The Chronicle of Ireland: Introduction, text

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Liverpool University Press, 2006 - History - 512 pages
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The Chronicle of Ireland is the principal source for the history of events not only in Ireland itself but also in what is now Scotland up to 911. It incorporated annals compiled on Iona up to c. 740 - a monastery which played a major role in the history of Ireland, of the Picts to its east and, from 635 to 664, of Northumbria. Up to c. 740 the Chronicle is thus a crucial source for both Ireland and Britain; and from c. 740 to 911 it still records some events outside Ireland. The text of the Chronicle is best preserved in the Annals of Ulster, but it was also transmitted through chronicles derived from a version made at the monastery of Clonmacnois in the Irish midlands. This translation is set out so as to show at a glance what text is preserved in both branches of the tradition and what is in only one.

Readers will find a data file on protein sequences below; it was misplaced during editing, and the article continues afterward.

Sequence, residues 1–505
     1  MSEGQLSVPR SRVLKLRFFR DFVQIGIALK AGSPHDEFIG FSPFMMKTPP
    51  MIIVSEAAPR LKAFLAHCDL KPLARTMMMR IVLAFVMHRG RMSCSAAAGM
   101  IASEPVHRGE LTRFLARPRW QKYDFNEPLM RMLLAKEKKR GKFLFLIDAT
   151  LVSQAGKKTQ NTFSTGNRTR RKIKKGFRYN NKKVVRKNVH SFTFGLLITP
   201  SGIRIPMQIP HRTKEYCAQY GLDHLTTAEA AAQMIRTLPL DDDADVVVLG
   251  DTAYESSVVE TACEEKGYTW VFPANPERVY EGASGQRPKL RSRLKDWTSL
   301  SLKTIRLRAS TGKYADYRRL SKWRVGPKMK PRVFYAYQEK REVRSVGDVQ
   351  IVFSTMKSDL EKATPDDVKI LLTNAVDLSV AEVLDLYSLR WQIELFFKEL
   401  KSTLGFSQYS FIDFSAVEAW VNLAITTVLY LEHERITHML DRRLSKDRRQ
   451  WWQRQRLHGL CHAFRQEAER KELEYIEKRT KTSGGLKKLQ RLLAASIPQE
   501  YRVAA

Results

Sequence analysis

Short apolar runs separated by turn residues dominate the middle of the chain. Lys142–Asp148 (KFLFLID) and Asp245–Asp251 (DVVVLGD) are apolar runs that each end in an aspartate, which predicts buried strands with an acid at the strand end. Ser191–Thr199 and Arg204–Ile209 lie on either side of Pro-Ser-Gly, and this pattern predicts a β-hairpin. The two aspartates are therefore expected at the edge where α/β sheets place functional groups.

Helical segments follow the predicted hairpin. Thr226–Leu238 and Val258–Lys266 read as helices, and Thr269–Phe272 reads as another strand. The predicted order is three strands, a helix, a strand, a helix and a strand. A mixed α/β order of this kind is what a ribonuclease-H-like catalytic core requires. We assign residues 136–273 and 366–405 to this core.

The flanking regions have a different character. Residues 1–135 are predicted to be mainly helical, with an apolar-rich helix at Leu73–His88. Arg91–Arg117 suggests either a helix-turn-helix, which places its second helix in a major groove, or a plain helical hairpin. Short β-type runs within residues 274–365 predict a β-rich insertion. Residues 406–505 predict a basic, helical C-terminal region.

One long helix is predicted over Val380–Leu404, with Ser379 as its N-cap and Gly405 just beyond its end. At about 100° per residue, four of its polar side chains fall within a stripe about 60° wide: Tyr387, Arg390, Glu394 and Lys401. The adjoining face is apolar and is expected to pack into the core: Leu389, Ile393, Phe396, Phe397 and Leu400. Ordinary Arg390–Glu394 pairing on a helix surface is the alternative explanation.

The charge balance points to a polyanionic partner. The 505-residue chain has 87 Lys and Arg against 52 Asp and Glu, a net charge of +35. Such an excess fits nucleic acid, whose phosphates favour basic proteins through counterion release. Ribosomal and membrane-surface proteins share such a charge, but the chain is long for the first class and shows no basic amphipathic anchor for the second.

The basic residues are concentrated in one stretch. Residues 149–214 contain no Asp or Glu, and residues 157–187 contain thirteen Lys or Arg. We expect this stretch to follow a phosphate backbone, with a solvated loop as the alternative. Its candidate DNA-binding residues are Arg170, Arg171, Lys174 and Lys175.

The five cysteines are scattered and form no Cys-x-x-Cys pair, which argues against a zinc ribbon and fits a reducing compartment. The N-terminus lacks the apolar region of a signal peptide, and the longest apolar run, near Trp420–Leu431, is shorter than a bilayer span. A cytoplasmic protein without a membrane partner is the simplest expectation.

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Contents

Text
63
VOLUME
352
Glossary 1
1
Bibliography 13
13

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About the author (2006)

T. M. Charles-Edwards is the Jesus Professor of Celtic at the University of Oxford. His previous books include Bechbretha, The Welsh Laws, and Early Irish and Welsh Kinship.

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